Alan Reinach

There were three things Thomas Jefferson wanted to be remembered for, three things he wanted on his tombstone: being President of the United States was not one of them. Drafting the Declaration of Independence was one, so was authoring the Virginia Statute of Religious Freedom. But the third proudest achievement of his life was not his library or his beloved Monticello—it was founding the University of Virginia, an academic institution that has become one of the very finest in the world.

According to the historians at Monticello, despite his economic dependence on slaveholding, Jefferson was a public opponent of slavery throughout his life. He called it a “moral depravity” and “a hideous blot.”

One can readily imagine that, were Jefferson alive last year, he would have been horrified at the goings on when a protester was killed for daring to stand up and object to white supremacists marching through the streets of his college town, carrying guns and chanting racist and anti-Semitic slogans.

When he penned the words “all men are created equal,” Jefferson understood just how revolutionary an act this was. He also understood that it would take future generations to flesh out the meaning of this principle and to fully realize the promise of equality. Clearly, the promise remains elusive.

Today it is well for us to look back, not just a year ago to Charlottesville but two centuries or more, to what Jefferson declared to be the principle our nation was founded on, and, dare I suggest, the principle that would make America truly great.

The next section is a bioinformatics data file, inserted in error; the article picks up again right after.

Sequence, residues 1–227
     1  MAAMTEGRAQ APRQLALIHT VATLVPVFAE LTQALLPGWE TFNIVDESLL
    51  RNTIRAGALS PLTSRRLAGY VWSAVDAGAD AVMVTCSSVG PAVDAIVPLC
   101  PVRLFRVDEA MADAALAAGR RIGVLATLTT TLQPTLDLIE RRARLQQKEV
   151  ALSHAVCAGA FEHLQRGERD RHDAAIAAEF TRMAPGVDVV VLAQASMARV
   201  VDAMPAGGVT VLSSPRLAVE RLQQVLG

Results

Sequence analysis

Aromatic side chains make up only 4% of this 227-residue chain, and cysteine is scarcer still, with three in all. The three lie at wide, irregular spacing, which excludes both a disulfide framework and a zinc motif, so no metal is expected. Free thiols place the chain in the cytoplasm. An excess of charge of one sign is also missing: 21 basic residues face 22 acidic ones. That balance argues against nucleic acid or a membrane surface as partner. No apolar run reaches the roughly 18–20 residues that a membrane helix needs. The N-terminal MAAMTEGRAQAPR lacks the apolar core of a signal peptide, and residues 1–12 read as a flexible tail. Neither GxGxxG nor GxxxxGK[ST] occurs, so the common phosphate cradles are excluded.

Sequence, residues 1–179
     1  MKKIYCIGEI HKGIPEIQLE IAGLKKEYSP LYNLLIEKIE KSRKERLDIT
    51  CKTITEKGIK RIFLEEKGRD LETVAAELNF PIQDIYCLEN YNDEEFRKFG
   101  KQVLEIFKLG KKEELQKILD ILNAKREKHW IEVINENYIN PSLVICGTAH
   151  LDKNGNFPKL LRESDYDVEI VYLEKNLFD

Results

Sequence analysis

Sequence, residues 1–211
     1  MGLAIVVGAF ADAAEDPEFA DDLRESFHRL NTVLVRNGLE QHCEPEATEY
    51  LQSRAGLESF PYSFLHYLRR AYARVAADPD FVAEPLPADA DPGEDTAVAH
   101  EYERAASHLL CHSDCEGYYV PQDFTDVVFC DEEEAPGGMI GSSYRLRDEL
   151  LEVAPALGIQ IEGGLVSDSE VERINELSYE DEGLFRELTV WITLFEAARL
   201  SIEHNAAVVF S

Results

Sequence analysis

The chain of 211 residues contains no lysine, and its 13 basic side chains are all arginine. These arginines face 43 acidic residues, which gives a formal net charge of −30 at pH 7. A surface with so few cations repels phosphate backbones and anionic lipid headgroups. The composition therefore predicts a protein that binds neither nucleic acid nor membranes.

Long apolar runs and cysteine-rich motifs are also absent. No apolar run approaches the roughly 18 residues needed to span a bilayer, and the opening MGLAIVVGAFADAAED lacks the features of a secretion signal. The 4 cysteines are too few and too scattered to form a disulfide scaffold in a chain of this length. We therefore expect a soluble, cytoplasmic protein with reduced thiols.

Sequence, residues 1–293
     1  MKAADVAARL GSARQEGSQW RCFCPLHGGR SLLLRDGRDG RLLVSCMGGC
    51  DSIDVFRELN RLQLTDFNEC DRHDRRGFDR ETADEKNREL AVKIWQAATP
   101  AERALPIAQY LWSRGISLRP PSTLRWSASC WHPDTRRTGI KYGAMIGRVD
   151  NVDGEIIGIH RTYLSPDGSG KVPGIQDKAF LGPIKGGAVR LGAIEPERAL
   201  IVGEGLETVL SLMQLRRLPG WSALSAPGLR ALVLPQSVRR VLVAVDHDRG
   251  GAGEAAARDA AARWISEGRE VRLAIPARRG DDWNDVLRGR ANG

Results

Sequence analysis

Jefferson did not have much room in his life for a transcendent God. But he was quick to invoke the deity in support of his beloved concept of human rights, inalienable God-given rights. And if God gave rights to you and me, He also gave them to the other person. Whatever our political or religious differences, if we want to restore our national greatness, we must begin by relearning the lesson of a simple song we teach our toddlers in church: “Red and yellow black and white, all are precious in His sight.” And if they are all precious in God’s sight, they must be precious in our sight, as well. I know it is politically incorrect to refer to people in such terms. But the point is well taken: it is time to stop being afraid of one another, stop being afraid of people who are different, stop being afraid of the other. Fear is the fuel of fascism, the fuel of oppression, the fuel of war and violence and persecution. Let’s choke off the oxygen of intolerance by learning to reject fear.

Alan Reinach is executive director of the Church State Council, the religious liberty educational and advocacy arm of the Pacific Union Conference. He is a member of both the New York and California state bar associations.